Monark Review

Monark Review

Starting off our Monark review, it’s worth noting this is a new IP that meshes a JRPG with an inspired style almost reminiscent of Shin Megami Tensei. In a very strange school setting, you awaken after a struggle against foes you’ve never seen before. A weird phenomenon known as the Mist makes people go mad and hallucinate.

Upon waking up, you meet other students, faculty members, and adversaries and friends that you meet along the way. Most of the time spent in this game is with cutscenes and dialogue that doesn’t fit and the game has huge issues in combat. Learn more from our Monark review.

Developer: FURYU Corporation
Publisher: NIS America Inc.
Platform: PlayStation 4, PlayStation 5, Microsoft Windows, Nintendo Switch (Reviewed)
Release Date: February 22, 2022
Players: 1
MSRP: $59.99

Monark Review

An opening monologue about ideals and persevering through tough times introduces you to a battle. You do not win the battle, and at the end, a cutscene plays with philosophical speech from an unknown entity. From then on you are introduced to the characters you will encounter in the school. Don’t be fooled however, it’s not an anime opening yet.

Following a questionnaire about yourself to find out your Ego, you are finally introduced to 3 characters that you’ll become familiar with. Nozomi Hinata, who later gains their own power, and Kakeru Hasegawa, the school doctor, and your “sister” all surround you. There are tropes that are contained in every character but they, much like the setting and UI, feel bland.

After getting transported to another dimension, Vanitas, a sewn rabbit creature who speaks in rhymes, tells you a bit of how to awaken your power of Ego. You name your character, results won’t matter, much like any other choices you make. Everything plays out in long visual novel style scenes and cutscenes that are prerendered.

While the segments aren’t bad, they’re not very good either. Again, the characters and their interactions are bland and the dialogue between them feels forced to try to emulate an anime rather than its own media.

Each of the cutscenes play before and after you complete a fight, all of which is initiated at cell phones. It’s kind of boring and there’s not much substance outside of it (or inside of it).

With the speak of the story out of the way, the biggest flaw I found in doing our Monark review has is with the gameplay. It’s a standard JRPG with turn-based elements and a radius that you can move in and attack with. You obviously level up to become stronger and your abilities include Authority, which includes Resonance.

Using Resonance allows for you to share status ailments and alterations with one other ally. Allies can assist attack once you have completed an Art against the enemy, outside of healing and other effects.

If you’re wondering where the flaw is with the gameplay, it’s the difficulty spike. While the game offers two different difficulties; the gameplay loop is meant to keep you underpowered and forces you to grind. While not the worst thing in the world, the difficulty spike makes it virtually impossible to play casually or even if you grind for a little while.

There is an element of exploration like finding notes scattered around the school corridors and rooms. You also find small but uninteresting puzzles as well, but it’s mostly simple memorization. Beyond that small additive, the gameplay is unfulfilling and tedious with almost no payoff.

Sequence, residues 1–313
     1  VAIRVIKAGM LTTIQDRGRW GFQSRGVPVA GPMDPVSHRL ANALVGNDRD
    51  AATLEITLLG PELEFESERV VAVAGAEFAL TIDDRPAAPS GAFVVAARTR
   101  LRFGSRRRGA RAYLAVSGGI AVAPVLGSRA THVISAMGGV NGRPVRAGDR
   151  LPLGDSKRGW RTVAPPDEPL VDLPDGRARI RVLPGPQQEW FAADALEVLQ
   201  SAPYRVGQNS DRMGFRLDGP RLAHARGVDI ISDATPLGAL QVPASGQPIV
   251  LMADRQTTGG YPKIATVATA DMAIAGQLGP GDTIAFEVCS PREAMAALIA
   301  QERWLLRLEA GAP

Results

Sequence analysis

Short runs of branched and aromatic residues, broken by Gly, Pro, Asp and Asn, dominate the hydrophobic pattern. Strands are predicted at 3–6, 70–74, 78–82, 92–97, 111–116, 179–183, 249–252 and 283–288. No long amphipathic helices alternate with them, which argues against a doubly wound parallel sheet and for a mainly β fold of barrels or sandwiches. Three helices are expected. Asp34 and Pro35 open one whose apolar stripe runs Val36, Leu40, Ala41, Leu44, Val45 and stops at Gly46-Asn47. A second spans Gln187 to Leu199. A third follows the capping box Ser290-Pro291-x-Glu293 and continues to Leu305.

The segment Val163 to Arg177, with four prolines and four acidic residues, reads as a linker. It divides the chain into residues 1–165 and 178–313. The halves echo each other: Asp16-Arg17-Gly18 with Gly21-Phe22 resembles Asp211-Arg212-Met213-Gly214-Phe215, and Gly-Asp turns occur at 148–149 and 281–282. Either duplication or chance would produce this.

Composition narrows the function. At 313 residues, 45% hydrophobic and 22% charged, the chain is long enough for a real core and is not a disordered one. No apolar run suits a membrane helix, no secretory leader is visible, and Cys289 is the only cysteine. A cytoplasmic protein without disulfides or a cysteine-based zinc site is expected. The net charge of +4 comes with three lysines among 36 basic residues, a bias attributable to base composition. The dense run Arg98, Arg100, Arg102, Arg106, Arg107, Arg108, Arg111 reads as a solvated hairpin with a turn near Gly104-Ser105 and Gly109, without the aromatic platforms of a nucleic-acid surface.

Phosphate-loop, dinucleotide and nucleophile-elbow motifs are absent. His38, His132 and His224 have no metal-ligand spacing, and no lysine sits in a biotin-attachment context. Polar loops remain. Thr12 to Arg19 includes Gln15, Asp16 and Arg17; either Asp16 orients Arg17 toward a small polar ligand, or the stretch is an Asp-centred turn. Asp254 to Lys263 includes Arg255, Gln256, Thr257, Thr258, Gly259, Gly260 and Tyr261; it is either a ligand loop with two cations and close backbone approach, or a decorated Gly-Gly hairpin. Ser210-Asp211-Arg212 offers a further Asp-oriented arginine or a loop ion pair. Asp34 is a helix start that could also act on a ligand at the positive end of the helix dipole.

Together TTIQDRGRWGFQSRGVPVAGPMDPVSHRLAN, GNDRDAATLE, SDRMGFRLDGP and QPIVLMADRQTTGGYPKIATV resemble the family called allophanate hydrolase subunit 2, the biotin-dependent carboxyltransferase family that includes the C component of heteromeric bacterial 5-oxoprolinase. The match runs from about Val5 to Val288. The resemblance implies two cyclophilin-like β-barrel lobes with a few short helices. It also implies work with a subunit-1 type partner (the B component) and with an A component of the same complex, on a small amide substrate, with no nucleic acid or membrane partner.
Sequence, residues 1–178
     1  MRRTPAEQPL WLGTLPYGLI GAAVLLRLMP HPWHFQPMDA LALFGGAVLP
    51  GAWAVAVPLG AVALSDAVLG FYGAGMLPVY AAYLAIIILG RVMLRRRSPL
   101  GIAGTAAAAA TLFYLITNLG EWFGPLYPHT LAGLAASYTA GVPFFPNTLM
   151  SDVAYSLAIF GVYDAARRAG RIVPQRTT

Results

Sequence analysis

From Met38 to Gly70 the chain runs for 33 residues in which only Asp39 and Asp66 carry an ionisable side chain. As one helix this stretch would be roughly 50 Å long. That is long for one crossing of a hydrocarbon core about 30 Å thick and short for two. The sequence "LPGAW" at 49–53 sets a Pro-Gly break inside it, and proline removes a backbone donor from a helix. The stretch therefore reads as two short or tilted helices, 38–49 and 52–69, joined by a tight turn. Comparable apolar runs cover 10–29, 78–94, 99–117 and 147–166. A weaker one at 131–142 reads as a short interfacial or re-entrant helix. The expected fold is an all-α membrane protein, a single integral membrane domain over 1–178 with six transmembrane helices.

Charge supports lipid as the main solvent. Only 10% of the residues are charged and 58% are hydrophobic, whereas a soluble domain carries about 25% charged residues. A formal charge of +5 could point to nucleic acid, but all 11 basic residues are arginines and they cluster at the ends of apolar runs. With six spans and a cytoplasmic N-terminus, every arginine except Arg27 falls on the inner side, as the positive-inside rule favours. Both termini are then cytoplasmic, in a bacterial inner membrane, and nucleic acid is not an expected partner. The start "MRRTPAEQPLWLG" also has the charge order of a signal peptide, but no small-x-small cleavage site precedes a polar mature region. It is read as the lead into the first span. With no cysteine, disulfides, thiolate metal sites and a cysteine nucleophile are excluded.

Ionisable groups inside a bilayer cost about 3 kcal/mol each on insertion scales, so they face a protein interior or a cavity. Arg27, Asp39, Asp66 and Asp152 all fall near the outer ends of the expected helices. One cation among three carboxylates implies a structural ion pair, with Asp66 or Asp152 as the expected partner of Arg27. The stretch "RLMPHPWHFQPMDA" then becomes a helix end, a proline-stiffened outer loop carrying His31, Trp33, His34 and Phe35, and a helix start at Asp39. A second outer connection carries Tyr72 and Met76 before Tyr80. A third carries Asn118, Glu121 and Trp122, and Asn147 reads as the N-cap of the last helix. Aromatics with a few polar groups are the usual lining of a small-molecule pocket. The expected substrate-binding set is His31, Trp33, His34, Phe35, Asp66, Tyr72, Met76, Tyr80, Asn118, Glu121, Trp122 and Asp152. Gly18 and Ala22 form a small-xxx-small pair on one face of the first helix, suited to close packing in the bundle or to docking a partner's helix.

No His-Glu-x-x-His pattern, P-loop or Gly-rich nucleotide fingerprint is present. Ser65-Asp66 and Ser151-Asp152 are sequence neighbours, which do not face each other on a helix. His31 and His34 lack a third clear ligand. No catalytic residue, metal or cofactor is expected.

Monark Review

Bland environments also drag down Monark, which is unfortunate as I thought maybe my experience might have been worse because of the Switch’s hardware. The other dimension is the only place in the game with any kind of color, but there’s not much of it. Character models and even cutscenes are almost doll like and stiff.

The UI is very similar to another game I reviewed where it’s just white background with black text and not much else. Even the cell phone you use to save the game, check the map, and everything else between is black, white, and gray. With games like The Caligula Effect 2, the meters and numbers for your party are stylized and it adds flair, presentation is a step backwards in this game.

Music in Monark is pretty decent and one of the only things I can say I enjoyed about it. Sounds are also not all that great but there is a full voice cast for every character. Speaking their lines, most of the time, it sounded like deadpan readings – which I won’t blame them for.

Monark Review

Other issues I found when doing our Monark review like the camera movements are frustrating and ruined almost any enjoyment I had immediately upon having to adjust it.

Reusing the same enemy throughout the entire game added to this feeling. I was looking into Monark to find a special new JRPG to play and I was unfortunately let down massively.

Fans of JRPGs with time to kill can probably find a game somewhere here with Monark, but I doubt it’d be fruitful. Give this one a pass or buy it on a steep discount so you won’t be in for a rude awakening.

Monark was reviewed on Nintendo Switch using a copy provided by NIS America. You can find additional information about Niche Gamer’s review/ethics policy here. Monark is now available for Windows PC (via Steam), Nintendo Switch, PlayStation 4, and PlayStation 5.

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The Verdict: 6

The Good

  • Music is decent
  • Full voice acting
  • Anime style

The Bad

  • Bad camera is frustrating
  • Lack of a story
  • Difficulty spikes are unforgiving
  • Bland visuals


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